Adopt a Team Approach: It is important to have one spokesperson designated at the outset and available to act on the company’s behalf immediately. Successful companies have thought in advance about the skills each crisis team should possess. Legal, media, and government relations skills are essential in many crisis situations.

Plan for the worst case: A crisis always has the potential to worsen, and managers need to anticipate the worst case possibility. It is tempting to assume a crisis will pass and the world will return to normal. It is wise to prepare for the worst.

Plan on the Situation Getting Worse: By doing so, an organization can begin to see ahead and create contingency plans for communicating with key stakeholders, deploying resources, and organizing other companies and people for action.

Follow up after the Crisis is Over: Many contacts with stakeholders occur during a crisis. A company can restore its image and reputation by dedicated follow-up to stakeholders.

Use Technology: Information technology can be a powerful aid to a company facing a crisis and needing to communicate with stakeholders. A company should measure the effectiveness of communication message through polling, surveys, and focus-group interviews.

Don’t Give up: As bad as it can be for an organization, a crisis rarely destroys a well-managed business. Leadership is vital if an organization’s internal and external stakeholders are to believe that there is a bright future beyond the crisis.

My Consultancy–Asif J. Mir – Management Consultant–transforms organizations where people have the freedom to be creative, a place that brings out the best in everybody–an open, fair place where people have a sense that what they do matters. For details please visit www.asifjmir.com, and my Lectures.

What Strategic Planning is not?


Clearly, strategic planning is no panacea. Strategic planning is simply a set of concepts, procedures, and tools designed to help leaders, managers, and planners think and act strategically. Used in wise and skillful ways by a “coalition of the willing,” strategic planning can help organizations focus on producing effective decisions and actions that further the organization’s mission, meet in mandates, and satisfy key stakeholders. But strategic planning is not a substitute for strategic thinking and acting. Only caring and committed people can do that. And when used thoughtlessly, strategic planning can actually drive out precisely the kind of strategic thought and action it is supposed to promote.

Furthermore, strategic planning is not a substitute for leadership. There is simply no substitute for leadership when it comes to using strategic planning to enhance organizational performance. At least some key decision makers and process champions must be committed to the strategic planning process, or any attempts to use it are bound to fail.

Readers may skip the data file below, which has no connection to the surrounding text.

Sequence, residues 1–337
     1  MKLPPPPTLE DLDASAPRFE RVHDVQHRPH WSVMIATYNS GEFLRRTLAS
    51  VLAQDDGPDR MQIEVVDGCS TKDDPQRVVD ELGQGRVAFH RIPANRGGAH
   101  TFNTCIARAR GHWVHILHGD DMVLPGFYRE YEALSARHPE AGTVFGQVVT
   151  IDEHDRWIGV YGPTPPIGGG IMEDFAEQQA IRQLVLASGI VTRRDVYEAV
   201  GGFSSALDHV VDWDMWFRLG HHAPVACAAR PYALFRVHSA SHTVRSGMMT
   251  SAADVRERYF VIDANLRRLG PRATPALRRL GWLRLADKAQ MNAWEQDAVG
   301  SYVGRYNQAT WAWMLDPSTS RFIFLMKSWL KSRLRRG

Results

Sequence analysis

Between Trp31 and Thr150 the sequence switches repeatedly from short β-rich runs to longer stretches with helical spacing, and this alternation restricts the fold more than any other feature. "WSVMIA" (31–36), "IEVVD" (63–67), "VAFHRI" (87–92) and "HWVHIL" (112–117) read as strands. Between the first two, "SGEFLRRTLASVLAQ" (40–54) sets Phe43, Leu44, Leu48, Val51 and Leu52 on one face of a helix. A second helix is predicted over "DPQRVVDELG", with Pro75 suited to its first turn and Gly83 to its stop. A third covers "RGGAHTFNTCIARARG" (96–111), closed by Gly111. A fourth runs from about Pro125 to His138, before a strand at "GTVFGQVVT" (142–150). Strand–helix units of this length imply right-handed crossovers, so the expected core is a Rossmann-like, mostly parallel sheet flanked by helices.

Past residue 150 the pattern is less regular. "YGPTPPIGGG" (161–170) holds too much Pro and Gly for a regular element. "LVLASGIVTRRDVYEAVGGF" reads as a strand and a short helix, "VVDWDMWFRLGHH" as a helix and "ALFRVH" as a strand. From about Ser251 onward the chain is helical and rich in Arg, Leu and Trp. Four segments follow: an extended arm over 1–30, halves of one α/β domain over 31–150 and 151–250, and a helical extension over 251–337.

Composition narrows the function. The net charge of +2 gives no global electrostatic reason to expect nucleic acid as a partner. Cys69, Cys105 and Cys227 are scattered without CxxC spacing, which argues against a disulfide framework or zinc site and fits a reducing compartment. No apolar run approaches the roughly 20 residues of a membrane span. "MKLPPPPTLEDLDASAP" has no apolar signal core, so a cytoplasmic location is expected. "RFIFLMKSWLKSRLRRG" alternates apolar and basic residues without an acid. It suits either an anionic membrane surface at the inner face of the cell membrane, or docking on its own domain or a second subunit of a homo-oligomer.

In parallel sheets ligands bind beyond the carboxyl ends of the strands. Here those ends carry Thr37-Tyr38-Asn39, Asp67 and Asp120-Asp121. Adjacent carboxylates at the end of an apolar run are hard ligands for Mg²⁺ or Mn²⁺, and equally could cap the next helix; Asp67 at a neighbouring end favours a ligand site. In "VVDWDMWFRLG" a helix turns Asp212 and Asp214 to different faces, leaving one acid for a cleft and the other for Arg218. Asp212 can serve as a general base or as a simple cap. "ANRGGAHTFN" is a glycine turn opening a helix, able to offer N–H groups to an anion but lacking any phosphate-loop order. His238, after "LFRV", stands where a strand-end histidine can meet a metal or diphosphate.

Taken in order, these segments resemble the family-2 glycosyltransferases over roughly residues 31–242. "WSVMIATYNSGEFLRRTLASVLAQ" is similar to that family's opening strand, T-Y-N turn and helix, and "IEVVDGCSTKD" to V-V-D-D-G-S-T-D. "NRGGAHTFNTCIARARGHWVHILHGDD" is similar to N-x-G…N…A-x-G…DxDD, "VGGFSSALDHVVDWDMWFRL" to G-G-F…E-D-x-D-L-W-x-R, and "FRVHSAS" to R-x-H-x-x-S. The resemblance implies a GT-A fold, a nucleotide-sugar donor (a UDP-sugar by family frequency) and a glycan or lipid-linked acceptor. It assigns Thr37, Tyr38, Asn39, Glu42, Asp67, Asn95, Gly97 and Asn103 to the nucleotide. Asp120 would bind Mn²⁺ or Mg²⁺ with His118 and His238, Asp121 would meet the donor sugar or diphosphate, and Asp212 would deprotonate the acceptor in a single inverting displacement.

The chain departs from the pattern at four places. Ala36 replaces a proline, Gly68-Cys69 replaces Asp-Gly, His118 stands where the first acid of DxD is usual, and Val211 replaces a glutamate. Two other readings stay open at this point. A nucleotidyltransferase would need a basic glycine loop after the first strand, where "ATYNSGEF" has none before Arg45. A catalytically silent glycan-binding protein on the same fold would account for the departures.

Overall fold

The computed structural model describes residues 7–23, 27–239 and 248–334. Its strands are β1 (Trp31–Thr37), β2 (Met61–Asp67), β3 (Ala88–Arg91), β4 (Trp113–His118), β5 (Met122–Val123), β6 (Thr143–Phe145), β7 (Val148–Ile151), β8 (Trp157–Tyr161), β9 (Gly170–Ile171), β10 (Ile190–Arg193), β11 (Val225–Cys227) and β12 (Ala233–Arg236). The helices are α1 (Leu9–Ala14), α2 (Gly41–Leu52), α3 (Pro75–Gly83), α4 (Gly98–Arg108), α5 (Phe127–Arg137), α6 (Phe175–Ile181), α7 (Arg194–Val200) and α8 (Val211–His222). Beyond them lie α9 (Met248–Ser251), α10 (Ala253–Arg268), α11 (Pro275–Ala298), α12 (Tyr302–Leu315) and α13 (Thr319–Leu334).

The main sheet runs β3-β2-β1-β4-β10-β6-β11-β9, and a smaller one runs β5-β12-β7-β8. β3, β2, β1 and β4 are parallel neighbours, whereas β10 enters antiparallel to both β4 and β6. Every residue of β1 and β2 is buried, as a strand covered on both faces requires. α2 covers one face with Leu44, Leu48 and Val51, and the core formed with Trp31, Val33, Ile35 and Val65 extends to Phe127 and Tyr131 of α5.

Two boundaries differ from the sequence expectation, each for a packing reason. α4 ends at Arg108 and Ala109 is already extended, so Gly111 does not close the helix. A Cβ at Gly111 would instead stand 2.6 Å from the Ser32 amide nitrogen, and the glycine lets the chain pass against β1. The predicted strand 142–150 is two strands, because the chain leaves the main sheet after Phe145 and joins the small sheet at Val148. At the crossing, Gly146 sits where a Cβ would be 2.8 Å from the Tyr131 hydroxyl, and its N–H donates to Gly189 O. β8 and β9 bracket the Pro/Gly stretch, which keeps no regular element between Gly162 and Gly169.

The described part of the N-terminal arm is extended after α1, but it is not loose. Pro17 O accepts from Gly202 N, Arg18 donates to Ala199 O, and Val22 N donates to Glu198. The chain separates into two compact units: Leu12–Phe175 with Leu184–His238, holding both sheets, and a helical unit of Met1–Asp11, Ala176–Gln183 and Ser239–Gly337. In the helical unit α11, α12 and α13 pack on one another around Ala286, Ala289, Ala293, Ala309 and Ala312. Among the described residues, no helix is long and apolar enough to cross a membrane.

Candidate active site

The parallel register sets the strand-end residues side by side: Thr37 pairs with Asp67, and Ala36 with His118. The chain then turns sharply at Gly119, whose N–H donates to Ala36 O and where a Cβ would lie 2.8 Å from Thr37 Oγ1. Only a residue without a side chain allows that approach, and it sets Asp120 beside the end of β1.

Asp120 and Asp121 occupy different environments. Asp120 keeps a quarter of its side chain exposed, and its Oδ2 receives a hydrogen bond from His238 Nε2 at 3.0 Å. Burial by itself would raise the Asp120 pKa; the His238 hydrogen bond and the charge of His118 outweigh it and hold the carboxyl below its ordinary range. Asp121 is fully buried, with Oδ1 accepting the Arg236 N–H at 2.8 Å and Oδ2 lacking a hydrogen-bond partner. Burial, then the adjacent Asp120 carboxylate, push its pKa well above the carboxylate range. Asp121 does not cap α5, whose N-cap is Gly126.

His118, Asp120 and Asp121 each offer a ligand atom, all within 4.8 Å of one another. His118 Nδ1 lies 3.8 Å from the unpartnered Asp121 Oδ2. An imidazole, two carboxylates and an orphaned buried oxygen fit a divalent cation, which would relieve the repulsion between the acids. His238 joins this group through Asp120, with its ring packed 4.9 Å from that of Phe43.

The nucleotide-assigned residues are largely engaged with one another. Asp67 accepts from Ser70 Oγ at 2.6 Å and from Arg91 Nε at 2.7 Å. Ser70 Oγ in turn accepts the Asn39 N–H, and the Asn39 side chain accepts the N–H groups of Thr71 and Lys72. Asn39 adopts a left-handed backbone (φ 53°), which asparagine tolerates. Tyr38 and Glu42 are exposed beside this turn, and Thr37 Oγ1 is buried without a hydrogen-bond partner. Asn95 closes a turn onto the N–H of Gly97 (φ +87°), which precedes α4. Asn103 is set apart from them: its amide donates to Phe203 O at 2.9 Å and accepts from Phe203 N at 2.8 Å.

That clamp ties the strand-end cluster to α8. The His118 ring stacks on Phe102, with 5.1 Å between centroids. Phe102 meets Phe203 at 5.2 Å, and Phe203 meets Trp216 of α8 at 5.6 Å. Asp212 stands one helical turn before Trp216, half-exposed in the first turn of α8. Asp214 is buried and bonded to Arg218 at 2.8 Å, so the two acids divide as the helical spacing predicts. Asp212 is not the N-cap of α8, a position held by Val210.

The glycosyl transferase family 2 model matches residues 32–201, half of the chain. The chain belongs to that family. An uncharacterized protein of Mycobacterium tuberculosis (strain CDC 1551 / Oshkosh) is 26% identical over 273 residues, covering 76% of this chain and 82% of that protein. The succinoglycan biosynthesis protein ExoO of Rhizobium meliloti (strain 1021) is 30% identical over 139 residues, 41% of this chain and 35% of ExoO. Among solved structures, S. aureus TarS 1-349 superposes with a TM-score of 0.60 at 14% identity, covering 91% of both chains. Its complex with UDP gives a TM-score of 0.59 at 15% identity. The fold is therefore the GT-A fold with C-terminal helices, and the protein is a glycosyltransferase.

In addition, strategic planning is not synonymous with creating an organizational strategy. Organizational strategies have numerous sources, both planned and unplanned. Strategic planning is likely to result in statement of organizational intentions, but what is realized in practice will be some combination of what is intended and what emerges along the way. Strategic planning can help organizations develop and implement effective strategies, but they should also remain open to unforeseen opportunities. Too much attention to strategic planning and excessive reverence for strategic plans can build organizations to other unplanned and unexpected—yet incredibly useful—sources of information, insight, and action.

The discipline necessary for strategic planning can be of two sorts. The first harkens back to Latin root of the word “discipline,” emphasizing instruction, training, education, and learning. The second embodies later interpretations of the word, emphasizing order, control, and punishment. Emphasis should be placed on education and learning, although there clearly are occasions when imposing order, taking control, and enforcing appropriate sanctions are appropriate. Certainly, key leaders, managers, and planners can best use strategic planning as an educational and learning tool, to help them figure out what is really important and what should be done about it. Sometimes this means following a particular sequence of steps and preparing formal strategic plans, but not necessarily. The ultimate goal of strategic planning should not be a rigid adherence to a particular process or an instance on the production of plans. Instead, strategic planning should promote wise strategic thought and action on behalf of an organization and its key stakeholders. What steps to follow, in what sequence, and whether or not to prepare formal plans are subsidiary concerns.